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Probing Treasury, Car-Free Conflicts and a Quiet Hurricane Season

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Probing Treasury, Car-Free Conflicts and a Quiet Hurricane Season

Controversy continues to swirl around Treasury Department documents estimating the costs of cap and trade regulation.

Observance of World Car-Free Day yields conflicting opinions about the value of the automobile.

The Atlantic hurricane season is unusually quiet so far this year.

Listen to LibertyWeek, the CEI podcast, here.

1. ENVIRONMENT

Controversy continues to swirl around Treasury Department documents estimating the costs of cap and trade regulation.

CEI Expert Available to Comment: Energy Policy Analyst William Yeatman on the next step in the process:

“To find out what the Obama administration is hiding, [Senior Fellow Chris] Horner today informed the Treasury Department of CEI’s ‘intent to sue’ if Treasury does not come into compliance with its legal obligations under the Freedom of Information Act. If President Barack Obama is serious about open and transparent government, he should press Treasury to release all communications on cap-and-trade. Only then will we know what energy rationing actually costs.”

 

2. CONSUMER

Observance of World Car-Free Day yields conflicting opinions about the value of the automobile.

CEI Expert Available to Comment: General Counsel Sam Kazman on the drawbacks of a car-free lifestyle:

“Even in cities with well-functioning mass transit, a car can be essential if you're old or ill, or are carrying babies and groceries, or if the weather's miserable, or if you've got to get somewhere after the busses and subways have closed. It's no wonder that most promo shots of Car-Free Day events featured only the young and healthy, out on picture-perfect sunny days. Being able to get around freely is not some superficial desire that can be dismissed as the product of an allegedly car-addicted Western culture. Some Americans may view India and China as countries happily populated by bicyclists and pedestrians, but consumer demand for cars in those countries is booming, especially with the introduction of new low-priced vehicles. The car, it appears, satisfies a pretty basic human need.”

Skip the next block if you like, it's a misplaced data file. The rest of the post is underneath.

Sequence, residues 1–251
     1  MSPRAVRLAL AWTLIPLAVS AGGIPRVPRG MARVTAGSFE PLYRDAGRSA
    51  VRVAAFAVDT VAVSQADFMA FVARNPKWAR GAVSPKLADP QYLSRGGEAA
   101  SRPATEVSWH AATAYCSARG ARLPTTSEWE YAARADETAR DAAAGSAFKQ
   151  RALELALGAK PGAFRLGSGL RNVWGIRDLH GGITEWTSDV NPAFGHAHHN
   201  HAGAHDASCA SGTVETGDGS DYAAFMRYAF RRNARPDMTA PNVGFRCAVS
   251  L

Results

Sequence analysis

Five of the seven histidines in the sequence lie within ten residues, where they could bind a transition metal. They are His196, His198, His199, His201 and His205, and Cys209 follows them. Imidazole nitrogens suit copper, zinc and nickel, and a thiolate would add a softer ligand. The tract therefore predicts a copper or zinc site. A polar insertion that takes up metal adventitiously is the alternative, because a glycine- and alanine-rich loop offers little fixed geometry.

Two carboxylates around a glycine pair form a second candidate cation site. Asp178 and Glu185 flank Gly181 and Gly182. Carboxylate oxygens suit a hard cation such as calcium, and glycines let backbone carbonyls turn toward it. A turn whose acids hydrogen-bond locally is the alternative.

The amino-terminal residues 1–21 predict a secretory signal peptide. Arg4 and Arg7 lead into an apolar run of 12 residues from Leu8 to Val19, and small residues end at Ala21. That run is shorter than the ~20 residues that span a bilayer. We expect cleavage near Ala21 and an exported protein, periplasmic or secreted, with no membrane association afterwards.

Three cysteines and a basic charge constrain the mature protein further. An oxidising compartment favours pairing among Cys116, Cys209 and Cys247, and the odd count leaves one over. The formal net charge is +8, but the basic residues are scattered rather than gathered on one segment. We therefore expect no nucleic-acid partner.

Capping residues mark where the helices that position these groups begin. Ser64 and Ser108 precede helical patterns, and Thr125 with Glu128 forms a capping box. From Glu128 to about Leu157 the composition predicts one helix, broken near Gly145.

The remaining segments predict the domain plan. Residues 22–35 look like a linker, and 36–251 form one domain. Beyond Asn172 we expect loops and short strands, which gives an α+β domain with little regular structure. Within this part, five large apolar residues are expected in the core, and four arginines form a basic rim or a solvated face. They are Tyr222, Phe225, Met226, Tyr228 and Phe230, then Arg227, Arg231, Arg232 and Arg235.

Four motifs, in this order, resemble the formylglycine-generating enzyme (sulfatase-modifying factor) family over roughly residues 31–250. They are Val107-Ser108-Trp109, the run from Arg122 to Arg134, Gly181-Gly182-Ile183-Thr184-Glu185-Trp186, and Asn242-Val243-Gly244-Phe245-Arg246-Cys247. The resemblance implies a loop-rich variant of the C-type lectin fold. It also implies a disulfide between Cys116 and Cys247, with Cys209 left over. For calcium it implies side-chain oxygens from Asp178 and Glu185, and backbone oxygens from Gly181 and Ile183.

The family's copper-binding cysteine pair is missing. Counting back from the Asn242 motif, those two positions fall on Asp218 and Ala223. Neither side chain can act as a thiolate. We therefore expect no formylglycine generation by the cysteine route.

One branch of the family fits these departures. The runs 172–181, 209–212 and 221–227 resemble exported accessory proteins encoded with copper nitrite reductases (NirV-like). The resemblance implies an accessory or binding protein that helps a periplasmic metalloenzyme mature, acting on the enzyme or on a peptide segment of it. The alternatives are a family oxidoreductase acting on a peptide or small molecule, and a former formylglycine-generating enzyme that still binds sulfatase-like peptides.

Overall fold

3. INSURANCE

The Atlantic hurricane season is unusually quiet so far this year.

CEI Expert Available to Comment: Senior Fellow Eli Lehrer on the crisis looming ahead:

“As oft-hurricane-ridden September passes by, much of the news here in Florida appears good: Hurricanes have stayed away from U.S. coastlines, the Legislature has passed a few commonsense reforms to the state’s property insurance system, and State Chief Financial Officer Alex Sink says that the state’s troubled Hurricane Catastrophe Fund (Cat Fund) has gained a firmer fiscal footing. But all this good news hides a darker reality: Even if Florida avoids catastrophe during the 2009 hurricane season, the state’s system for insuring itself against storms will remain dangerously unstable. If it wants to make things better, the state should do at least three things: Phase down the Cat Fund, attract more insurers to write policies on ordinary homes, and invest in making Florida’s existing homes safer.”

 

Listen to LibertyWeek, the CEI podcast, here.